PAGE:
Model number 6514 Monte Cassino Defenders 1944 Fallschirmjagers. This is Dragon latest kit and has some slightly different poses. Nothing fancy but you do get some nice weapon choices.

Model number 6127 Hedgerow Tank Hunters Fallschirmjager Normandy 1944. Yes it doesn't say Cassino but that doesn't matter. The uniforms are the same and I am only using a couple of figures from the box for different poses.

I have a list of wants and this will include Mortar teams, Mule teams (yes mules), etc. to fill out what I will need for small unit skirmish action. I am especially looking forward to getting some of those kits with mules as the terrain and weather in this theater was just atrocious. Supplies had to be carried by mule or porter to the front line troops as there were no roads, we are talking paths or none at all and having to climb. Grenades especially were in high demand and the troops went through them in this type of terrain like crazy.

My next post will discuss the paints and some of the ideas/methods I will be using to build and paint the figures. Then the assembly line will begin in earnest and hopefully I will have the focus and drive that will be needed to carry through.

Until then...

Friday, October 15, 2010

Project Cassino research material

First of all I'd like to mention that I have a hard time staying with a project. I'll do some of the project, move on to another one, or simply get bored and put it away until I feel like it one day again. To try and keep myself motivated and stay with it I keep my painting session short. I set goals and try to sit down and accomplish this. I also try and listen to mood music (for whatever mood I happen to be in). But most of all I have found that if I am reading a good book or watch some movies, etc. on the period that this helps the most. I bring this up because I found a most excellent book called "Monte Cassino - The hardest fought battle of WWII" by Matthew Parker. Now that's a pretty big statement to make when there were so many hard fought battles, but let me say if it wasn't then it's in the top ten. I have really enjoyed this book and have found it to be an easy read, and his facts seem to be on target. Well I am not here to give it a review but if your a WWII buff and love to read about the battles then this is a must book.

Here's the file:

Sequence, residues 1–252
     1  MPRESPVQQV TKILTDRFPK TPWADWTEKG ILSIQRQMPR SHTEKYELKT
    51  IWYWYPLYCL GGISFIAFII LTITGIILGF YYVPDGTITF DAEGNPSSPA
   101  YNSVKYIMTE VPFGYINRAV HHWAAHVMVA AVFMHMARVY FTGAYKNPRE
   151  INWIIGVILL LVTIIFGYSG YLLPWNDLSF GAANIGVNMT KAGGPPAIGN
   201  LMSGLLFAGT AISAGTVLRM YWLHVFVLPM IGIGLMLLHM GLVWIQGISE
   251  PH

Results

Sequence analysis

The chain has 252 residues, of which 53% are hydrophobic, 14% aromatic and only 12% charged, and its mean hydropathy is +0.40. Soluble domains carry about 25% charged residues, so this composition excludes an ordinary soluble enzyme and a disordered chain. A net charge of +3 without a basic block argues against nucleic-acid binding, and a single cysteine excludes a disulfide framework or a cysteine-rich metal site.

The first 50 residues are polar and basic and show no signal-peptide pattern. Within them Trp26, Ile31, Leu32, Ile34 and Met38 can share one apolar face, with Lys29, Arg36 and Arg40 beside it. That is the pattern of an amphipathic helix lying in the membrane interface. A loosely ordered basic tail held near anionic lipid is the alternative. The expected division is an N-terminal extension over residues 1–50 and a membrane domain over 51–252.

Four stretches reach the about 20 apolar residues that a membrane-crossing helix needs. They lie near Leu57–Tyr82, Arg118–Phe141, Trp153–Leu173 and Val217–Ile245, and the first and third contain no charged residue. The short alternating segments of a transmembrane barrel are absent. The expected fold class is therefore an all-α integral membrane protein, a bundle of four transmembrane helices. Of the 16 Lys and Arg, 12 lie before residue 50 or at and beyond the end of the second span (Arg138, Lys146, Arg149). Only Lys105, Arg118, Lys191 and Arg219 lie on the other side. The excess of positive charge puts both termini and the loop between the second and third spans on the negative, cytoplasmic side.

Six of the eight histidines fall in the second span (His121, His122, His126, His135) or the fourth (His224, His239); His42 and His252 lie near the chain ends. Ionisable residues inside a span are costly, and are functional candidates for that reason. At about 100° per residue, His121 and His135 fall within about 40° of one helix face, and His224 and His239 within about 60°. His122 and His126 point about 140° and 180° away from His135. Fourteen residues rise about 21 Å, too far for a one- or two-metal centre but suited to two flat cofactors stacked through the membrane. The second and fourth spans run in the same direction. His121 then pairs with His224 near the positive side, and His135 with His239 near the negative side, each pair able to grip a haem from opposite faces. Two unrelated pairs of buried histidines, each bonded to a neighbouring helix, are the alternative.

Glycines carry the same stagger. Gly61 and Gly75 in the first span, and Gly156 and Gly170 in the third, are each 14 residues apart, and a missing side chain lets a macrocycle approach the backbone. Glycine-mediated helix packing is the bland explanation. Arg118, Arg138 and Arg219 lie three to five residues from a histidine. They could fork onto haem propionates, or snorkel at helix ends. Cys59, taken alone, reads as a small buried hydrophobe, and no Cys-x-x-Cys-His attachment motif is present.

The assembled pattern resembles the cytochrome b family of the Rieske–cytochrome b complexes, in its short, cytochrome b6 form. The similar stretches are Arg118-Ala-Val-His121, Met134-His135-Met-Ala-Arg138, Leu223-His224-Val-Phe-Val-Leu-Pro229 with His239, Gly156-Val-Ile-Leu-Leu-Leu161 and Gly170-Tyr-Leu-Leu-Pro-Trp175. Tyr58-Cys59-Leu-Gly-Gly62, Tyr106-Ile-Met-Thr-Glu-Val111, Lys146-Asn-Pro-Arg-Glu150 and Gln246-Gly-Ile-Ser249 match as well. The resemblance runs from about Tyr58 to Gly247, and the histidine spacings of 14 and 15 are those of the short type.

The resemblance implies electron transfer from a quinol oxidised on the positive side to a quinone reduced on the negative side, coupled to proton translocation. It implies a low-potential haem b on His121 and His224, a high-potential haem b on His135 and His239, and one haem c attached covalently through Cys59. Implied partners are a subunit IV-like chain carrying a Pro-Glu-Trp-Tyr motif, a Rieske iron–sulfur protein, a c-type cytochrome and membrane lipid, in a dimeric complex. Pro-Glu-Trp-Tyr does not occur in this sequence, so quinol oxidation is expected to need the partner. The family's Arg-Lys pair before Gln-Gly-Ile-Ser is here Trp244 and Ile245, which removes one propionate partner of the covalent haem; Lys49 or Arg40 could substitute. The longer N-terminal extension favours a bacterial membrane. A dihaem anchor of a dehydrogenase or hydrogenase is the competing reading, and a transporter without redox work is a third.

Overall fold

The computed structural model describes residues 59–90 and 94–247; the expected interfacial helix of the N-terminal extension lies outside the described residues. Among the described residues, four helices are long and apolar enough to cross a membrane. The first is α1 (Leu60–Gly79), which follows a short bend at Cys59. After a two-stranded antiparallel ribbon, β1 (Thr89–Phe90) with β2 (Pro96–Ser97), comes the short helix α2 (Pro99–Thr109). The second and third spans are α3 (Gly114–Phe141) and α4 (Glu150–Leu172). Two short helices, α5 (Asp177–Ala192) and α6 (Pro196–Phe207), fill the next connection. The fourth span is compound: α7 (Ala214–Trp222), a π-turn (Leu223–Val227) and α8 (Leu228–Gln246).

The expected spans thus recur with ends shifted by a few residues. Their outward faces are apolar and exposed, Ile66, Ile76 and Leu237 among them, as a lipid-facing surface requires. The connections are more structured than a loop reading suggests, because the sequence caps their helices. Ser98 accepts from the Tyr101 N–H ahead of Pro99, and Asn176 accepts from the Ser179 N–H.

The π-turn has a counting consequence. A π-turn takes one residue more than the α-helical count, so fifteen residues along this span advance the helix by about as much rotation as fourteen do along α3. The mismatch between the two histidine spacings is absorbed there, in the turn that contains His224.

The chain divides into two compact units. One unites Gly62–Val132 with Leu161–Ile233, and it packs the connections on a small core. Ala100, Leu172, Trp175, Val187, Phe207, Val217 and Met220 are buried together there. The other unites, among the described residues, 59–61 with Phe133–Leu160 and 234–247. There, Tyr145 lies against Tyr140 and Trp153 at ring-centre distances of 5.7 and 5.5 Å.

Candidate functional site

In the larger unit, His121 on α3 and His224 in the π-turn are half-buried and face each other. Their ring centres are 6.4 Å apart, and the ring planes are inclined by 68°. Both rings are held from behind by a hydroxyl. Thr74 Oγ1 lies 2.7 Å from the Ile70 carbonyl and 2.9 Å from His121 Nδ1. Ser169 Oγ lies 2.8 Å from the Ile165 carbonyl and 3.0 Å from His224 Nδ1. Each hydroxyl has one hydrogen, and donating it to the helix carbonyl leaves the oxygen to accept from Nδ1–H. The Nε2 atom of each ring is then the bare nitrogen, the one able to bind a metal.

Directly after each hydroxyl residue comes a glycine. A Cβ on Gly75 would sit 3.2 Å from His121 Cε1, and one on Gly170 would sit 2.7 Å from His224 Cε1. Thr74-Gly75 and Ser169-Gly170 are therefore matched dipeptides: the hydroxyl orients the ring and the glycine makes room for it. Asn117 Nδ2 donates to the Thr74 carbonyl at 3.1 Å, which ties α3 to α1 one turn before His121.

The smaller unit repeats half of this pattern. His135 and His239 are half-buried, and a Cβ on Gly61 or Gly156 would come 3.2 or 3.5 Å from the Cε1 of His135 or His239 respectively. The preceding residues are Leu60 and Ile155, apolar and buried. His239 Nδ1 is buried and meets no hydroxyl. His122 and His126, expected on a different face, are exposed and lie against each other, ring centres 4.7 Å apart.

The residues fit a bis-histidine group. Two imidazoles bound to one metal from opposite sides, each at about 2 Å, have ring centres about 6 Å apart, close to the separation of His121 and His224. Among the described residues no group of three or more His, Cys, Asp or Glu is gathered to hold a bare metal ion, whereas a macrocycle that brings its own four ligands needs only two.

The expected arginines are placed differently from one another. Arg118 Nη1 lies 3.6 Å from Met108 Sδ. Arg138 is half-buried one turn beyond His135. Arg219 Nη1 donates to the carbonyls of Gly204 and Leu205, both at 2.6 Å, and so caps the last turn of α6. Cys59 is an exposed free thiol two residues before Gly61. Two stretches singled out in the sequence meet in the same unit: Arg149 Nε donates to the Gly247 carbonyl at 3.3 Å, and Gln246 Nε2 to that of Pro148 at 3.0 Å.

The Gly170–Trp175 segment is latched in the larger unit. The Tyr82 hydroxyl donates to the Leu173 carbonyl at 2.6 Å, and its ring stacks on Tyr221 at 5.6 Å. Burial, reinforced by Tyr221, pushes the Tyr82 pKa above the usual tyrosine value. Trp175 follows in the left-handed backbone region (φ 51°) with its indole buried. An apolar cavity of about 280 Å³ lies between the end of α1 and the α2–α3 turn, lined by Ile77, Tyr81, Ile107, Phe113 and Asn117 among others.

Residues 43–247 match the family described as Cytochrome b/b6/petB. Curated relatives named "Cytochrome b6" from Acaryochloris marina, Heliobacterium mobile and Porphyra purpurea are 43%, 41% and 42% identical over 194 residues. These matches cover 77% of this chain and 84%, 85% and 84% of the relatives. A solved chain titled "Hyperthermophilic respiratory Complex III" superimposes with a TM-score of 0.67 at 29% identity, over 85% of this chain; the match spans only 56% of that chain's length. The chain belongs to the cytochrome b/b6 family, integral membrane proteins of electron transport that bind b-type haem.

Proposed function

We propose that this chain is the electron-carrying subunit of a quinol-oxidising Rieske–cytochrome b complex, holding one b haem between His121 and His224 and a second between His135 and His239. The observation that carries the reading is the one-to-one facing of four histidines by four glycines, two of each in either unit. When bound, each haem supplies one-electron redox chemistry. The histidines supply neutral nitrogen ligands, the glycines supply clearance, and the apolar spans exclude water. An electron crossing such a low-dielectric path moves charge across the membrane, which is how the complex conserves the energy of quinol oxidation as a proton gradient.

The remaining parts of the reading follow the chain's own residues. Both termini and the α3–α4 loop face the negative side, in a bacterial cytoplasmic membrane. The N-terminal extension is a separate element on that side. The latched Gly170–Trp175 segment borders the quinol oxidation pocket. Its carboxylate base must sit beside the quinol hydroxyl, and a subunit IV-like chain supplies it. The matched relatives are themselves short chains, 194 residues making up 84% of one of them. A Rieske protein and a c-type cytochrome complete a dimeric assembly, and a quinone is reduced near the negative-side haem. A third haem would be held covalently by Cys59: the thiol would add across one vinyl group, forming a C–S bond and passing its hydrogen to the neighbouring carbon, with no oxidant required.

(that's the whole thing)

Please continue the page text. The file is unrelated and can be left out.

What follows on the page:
I have decided that I will paint up units of the 1st Fallschirmjager Division, 4th Indian Division, and later in the project the 2nd New Zealand Division. This is the only battlefield in WWII that has such diversity in units that where involved. Not just Americans, and the British, but French, Polish, Brazilian, but this is another story. Here are just some of the books I will use to help with my painting them up properly.

I recommend getting the four above as they show actual uniforms, weapons, etc. and they are loaded with good information and lot's of color pictures.
 The above book is another good one for unit badges and the like. Not really hot on the color drawings but it's still worth having. I will use other sources that I have (like some of the Osprey books), but mostly I will adhere to the above.

Well that will cover my post for today, until next time.


Friday, October 8, 2010

What is a Zhodani Commando?

When the role playing game "Traveler" first came out all those years ago, there was an alien race called the Zhodani (pronounced zho-day-nee, or zho-dah-nee either way is fine though I use the first). Traveler, for those who don't know, would be the equivalent of "Dungeon's and Dragon's" only in space. A Zhodani Commando was that race's elite soldier who had the ability to use telekinesis and other such mind powers. Imagine a squad of these bad boys being deployed behind enemy lines and using their powers to pull the pins on the enemy soldiers hand grenades and such (when I was a kid I thought this was pretty darn cool and you can tell it has stuck with me, lol). Board gaming I should mention led me into painting miniature soldiers and one of the first 15mm science fiction  figures I picked up where from (if I remember correctly) Martian Metals. They made the coolest zhodani commandos and I painted up a bunch that sadly I no longer have. I also remember that Martian Metals had the contract to make Traveler miniatures and unfortunately they had a fire and I heard the molds where destroyed. This leads me into the picture I am using for my blog. No it's not a Zhodani, but another science fiction love I have for S.A.F.S. or Super Armored Fighting Suites (also known as SF3D and Ma.K. which is short for Maschinen Krieger) from the creative mind of Kow Yokoyama.

Not that you asked, but now you know.